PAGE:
Donna Lenz Wright/The Week
(Published Sept. 27, 2007, 4:18 p.m.)
At 13 she felt she had nothing to live for.
Her family failed her. Her school failed her. And her self-esteem was gone along with her dreams of becoming a veterinarian.
Her mother's boyfriend sexually abused her for seven years, beginning when he was just 6 years old. He said he would kill her family if she told. So she suffered silently believing it was what she was supposed to do.
By the time she was 12 she was using drugs, cutting herself, failing in school, labeled as a behavioral problem by teachers and completely alienated from her family.
When she was 13 her abuser was arrested for hurting two other young girls. She felt it was her fault for not stopping him before he could hurt them too and completely fell apart.
Her mother saw her daughter unraveling and had a horrible feeling. She asked if he had hurt her, but she denied it.
Not sure she was telling the truth, the mother went to the police. They offered a female officer with extensive experience in sexual abuse to talk with the girl-and everything came out.
The following emotional upheaval of admitting the truth, legal proceedings against this monster and her mother's feelings of guilt and failure left the family in a real trouble.
Enter the Agape House, a Christian-based safe place for kids in crisis. Agape is Greek for unconditional love.
For over 20 years Pam and Ben Patterson have opened their Walworth home to girls in every combination of dilemmas.
Their focus on girls is due to the lack of support services available to them as opposed to boys.
Girls hurt differently than boys-silently.
"Ninety percent of the time when boys struggle they act out," Pam said. "They get into fights and get arrested.
"Girls, they internalize it. They have eating disorders, they get depressed, they have babies, they cut."
They gave the girls love, security, faith and helped put their lives back on track. But there was always something missing; something that no matter how much they could offer still wasn't enough.
They were still failing to succeed in school.
"A lot of times these kids are needing healing more than academics," Pam said. "Don't get me wrong, they need their education, but they need healing too.
"And to try to fit that in during eight hours of algebra and chemistry, and you just went to court the day before or you're having flashbacks about your sexual abuse-the two just don't go together."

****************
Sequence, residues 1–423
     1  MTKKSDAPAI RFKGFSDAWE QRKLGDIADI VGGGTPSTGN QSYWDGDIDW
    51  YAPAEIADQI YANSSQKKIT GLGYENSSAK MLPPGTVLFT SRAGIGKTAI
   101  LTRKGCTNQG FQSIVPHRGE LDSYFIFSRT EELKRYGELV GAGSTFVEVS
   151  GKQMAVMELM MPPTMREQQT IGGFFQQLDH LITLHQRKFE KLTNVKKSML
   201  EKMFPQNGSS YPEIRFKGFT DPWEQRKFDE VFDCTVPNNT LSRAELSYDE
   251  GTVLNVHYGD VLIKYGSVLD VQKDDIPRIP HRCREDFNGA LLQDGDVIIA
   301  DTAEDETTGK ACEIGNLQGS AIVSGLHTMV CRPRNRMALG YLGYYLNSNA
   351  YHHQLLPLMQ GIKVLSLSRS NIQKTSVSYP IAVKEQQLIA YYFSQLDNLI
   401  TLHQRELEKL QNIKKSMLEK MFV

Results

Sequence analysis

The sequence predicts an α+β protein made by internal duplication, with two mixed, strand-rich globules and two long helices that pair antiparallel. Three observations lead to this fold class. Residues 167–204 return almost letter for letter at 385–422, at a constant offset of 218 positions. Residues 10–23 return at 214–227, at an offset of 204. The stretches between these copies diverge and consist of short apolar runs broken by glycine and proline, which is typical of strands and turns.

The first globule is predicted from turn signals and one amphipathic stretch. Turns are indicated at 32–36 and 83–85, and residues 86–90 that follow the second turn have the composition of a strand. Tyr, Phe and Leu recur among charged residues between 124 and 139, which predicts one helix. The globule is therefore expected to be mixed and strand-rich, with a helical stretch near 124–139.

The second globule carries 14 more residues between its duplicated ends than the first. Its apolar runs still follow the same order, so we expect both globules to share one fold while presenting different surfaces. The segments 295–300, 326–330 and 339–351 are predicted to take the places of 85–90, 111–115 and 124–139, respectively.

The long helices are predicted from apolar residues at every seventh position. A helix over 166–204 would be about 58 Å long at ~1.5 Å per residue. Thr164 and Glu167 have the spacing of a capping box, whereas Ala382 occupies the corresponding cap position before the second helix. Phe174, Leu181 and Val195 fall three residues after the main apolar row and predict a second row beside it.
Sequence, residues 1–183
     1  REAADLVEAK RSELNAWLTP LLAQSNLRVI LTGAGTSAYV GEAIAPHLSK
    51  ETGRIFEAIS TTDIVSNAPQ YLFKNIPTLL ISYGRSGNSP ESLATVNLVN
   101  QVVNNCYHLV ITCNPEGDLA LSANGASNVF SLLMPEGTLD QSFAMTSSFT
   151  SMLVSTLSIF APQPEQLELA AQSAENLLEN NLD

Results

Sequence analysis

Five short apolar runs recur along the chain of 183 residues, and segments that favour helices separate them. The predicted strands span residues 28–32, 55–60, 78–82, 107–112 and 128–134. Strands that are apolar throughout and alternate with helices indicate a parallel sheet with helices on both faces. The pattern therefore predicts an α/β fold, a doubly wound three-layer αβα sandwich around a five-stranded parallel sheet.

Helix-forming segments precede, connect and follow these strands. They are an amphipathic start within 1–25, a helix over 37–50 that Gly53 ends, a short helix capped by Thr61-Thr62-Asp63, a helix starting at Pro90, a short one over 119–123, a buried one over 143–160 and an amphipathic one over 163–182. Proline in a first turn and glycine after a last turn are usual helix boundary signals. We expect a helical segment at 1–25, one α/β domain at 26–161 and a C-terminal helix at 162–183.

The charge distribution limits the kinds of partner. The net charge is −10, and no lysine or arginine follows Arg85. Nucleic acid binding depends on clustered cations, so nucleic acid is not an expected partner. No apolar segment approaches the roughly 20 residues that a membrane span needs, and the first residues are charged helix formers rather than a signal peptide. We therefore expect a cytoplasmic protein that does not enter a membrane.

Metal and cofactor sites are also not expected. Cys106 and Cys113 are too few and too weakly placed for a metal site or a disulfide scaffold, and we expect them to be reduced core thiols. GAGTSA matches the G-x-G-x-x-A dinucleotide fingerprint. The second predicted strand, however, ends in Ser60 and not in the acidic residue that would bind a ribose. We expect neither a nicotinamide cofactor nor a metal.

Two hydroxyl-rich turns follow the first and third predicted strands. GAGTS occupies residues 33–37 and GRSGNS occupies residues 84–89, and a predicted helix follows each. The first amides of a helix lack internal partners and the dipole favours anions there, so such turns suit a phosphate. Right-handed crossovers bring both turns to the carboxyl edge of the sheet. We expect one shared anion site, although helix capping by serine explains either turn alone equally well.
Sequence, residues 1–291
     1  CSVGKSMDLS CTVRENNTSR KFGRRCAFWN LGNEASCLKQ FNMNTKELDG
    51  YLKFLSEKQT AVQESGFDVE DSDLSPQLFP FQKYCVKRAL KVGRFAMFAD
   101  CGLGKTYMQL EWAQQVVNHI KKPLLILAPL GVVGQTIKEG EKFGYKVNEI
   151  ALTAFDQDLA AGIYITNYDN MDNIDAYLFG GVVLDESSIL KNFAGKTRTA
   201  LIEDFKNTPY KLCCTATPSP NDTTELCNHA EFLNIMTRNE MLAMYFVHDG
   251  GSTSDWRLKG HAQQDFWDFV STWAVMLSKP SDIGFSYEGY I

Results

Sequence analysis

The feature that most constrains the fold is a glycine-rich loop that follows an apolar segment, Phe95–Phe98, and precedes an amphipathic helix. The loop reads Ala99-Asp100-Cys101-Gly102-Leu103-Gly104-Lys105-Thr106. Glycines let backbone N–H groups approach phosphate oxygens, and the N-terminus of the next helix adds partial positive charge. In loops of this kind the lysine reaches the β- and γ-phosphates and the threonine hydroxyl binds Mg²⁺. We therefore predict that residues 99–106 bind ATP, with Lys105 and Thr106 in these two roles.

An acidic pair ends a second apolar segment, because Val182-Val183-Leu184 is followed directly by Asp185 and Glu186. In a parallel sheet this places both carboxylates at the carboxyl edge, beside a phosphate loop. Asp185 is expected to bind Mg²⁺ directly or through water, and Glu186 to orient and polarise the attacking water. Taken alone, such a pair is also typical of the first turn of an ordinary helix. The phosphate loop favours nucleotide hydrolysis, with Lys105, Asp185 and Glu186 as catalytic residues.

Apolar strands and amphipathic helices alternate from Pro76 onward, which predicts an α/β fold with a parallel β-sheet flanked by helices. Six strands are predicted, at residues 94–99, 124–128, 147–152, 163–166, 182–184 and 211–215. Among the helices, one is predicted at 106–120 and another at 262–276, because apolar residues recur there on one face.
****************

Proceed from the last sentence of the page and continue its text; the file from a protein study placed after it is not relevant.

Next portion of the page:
The Pattersons visualized a school where they could educate their kids the way they needed to be educated-at individualized speeds.
"Most of these kids are just so far behind that they just can't get caught up," Pam explains. "They've missed so much and lost so much; they're trying but they just can't catch up."
"And that's when they turn toward their other devices to make themselves feel well," Ben added, referring to destructive behaviors like drugs, promiscuity, etc.
They knew their already-overflowing home was not going to provide the space to start a school. They began looking at potential locations-and ways to finance-the school they dreamed of creating.
"I got a phone call saying that I should come and look at Grace Church because it was for sale," Pam said. "'I don't want a church,' I told her, but she convinced me to look anyway.
"And it's perfect."
It truly was, and the Pattersons began raising money to buy the church over a year ago.
What better place for a Christian-based school for students with extraordinary needs than walls that have housed a church congregation until it grew so big that it needed a larger home?
The blueprints have been drawn up: The chapel will be the kitchen, dining and living area using the pews to construct all of the furniture; the chapel's loft will be the rec room with games and entertainment; the classrooms are still classrooms and others will be bedrooms; the pastor's office will be the resident couple's apartment; the gymnasium will stay the gymnasium; and the remaining rooms are or will be offices.
It's such a good fit that divine intervention is not being overlooked.